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Review

20 pages, 753 KiB  
Review
Extracellular Vesicles and Immunity: At the Crossroads of Cell Communication
Int. J. Mol. Sci. 2024, 25(2), 1205; https://doi.org/10.3390/ijms25021205 - 18 Jan 2024
Cited by 1 | Viewed by 1273
Abstract
Extracellular vesicles (EVs), comprising exosomes and microvesicles, are small membranous structures secreted by nearly all cell types. They have emerged as crucial mediators in intercellular communication, playing pivotal roles in diverse physiological and pathological processes, notably within the realm of immunity. These roles [...] Read more.
Extracellular vesicles (EVs), comprising exosomes and microvesicles, are small membranous structures secreted by nearly all cell types. They have emerged as crucial mediators in intercellular communication, playing pivotal roles in diverse physiological and pathological processes, notably within the realm of immunity. These roles go beyond mere cellular interactions, as extracellular vesicles stand as versatile and dynamic components of immune regulation, impacting both innate and adaptive immunity. Their multifaceted involvement includes immune cell activation, antigen presentation, and immunomodulation, emphasising their significance in maintaining immune homeostasis and contributing to the pathogenesis of immune-related disorders. Extracellular vesicles participate in immunomodulation by delivering a wide array of bioactive molecules, including proteins, lipids, and nucleic acids, thereby influencing gene expression in target cells. This manuscript presents a comprehensive review that encompasses in vitro and in vivo studies aimed at elucidating the mechanisms through which EVs modulate human immunity. Understanding the intricate interplay between extracellular vesicles and immunity is imperative for unveiling novel therapeutic targets and diagnostic tools applicable to various immunological disorders, including autoimmune diseases, infectious diseases, and cancer. Furthermore, recognising the potential of EVs as versatile drug delivery vehicles holds significant promise for the future of immunotherapies. Full article
(This article belongs to the Special Issue Role of Extracellular Vesicles in Immunology)
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0 pages, 911 KiB  
Review
Lipid Metabolism Modulation during SARS-CoV-2 Infection: A Spotlight on Extracellular Vesicles and Therapeutic Prospects
Int. J. Mol. Sci. 2024, 25(1), 640; https://doi.org/10.3390/ijms25010640 - 04 Jan 2024
Viewed by 856
Abstract
Extracellular vesicles (EVs) have a significant impact on the pathophysiological processes associated with various diseases such as tumors, inflammation, and infection. They exhibit molecular, biochemical, and entry control characteristics similar to viral infections. Viruses, on the other hand, depend on host metabolic machineries [...] Read more.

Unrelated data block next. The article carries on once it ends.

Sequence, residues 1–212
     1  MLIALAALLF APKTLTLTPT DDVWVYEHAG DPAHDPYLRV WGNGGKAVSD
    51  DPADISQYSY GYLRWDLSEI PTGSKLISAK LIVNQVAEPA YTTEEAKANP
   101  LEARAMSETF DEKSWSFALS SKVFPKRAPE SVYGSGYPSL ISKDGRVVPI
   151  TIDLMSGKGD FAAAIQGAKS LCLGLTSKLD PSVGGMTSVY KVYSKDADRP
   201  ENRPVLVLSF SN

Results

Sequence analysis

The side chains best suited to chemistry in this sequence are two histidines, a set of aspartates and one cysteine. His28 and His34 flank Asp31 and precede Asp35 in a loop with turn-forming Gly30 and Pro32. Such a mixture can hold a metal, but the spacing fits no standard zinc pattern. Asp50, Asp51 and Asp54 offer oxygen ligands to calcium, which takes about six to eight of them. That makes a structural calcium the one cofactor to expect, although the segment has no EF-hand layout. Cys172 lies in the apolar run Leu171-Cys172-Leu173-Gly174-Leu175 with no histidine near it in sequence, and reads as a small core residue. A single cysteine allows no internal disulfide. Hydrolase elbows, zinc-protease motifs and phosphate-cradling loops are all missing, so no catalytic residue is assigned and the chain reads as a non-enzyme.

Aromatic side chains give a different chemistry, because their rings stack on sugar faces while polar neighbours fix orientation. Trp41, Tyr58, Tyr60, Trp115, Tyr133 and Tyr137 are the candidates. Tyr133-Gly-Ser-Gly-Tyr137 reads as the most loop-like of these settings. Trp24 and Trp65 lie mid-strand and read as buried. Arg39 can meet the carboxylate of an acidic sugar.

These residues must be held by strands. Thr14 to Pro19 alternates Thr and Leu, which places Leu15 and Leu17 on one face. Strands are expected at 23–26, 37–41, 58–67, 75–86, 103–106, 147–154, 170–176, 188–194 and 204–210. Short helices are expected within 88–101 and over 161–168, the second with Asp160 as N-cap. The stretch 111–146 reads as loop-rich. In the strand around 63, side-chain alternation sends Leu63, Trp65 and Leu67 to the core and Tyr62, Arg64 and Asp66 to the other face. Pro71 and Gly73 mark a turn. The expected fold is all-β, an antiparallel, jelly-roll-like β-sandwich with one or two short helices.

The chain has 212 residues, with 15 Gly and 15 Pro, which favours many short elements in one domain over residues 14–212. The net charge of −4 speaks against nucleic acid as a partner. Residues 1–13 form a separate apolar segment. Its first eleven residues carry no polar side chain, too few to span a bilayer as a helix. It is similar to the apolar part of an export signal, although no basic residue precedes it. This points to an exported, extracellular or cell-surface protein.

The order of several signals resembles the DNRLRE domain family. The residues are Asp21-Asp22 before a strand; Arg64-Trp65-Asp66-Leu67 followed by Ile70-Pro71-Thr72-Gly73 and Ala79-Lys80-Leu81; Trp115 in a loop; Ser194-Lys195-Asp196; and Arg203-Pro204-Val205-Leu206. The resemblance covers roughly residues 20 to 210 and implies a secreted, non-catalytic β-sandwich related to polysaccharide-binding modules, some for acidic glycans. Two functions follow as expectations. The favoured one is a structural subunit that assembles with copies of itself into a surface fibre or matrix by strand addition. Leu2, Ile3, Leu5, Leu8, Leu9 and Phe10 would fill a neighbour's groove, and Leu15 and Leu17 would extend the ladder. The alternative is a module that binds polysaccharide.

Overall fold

Extracellular vesicles (EVs) have a significant impact on the pathophysiological processes associated with various diseases such as tumors, inflammation, and infection. They exhibit molecular, biochemical, and entry control characteristics similar to viral infections. Viruses, on the other hand, depend on host metabolic machineries to fulfill their biosynthetic requirements. Due to potential advantages such as biocompatibility, biodegradation, and efficient immune activation, EVs have emerged as potential therapeutic targets against the SARS-CoV-2 infection. Studies on COVID-19 patients have shown that they frequently have dysregulated lipid profiles, which are associated with an increased risk of severe repercussions. Lipid droplets (LDs) serve as organelles with significant roles in lipid metabolism and energy homeostasis as well as having a wide range of functions in infections. The down-modulation of lipids, such as sphingolipid ceramide and eicosanoids, or of the transcriptional factors involved in lipogenesis seem to inhibit the viral multiplication, suggesting their involvement in the virus replication and pathogenesis as well as highlighting their potential as targets for drug development. Hence, this review focuses on the role of modulation of lipid metabolism and EVs in the mechanism of immune system evasion during SARS-CoV-2 infection and explores the therapeutic potential of EVs as well as application for delivering therapeutic substances to mitigate viral infections. Full article
(This article belongs to the Special Issue Role of Extracellular Vesicles in Immunology)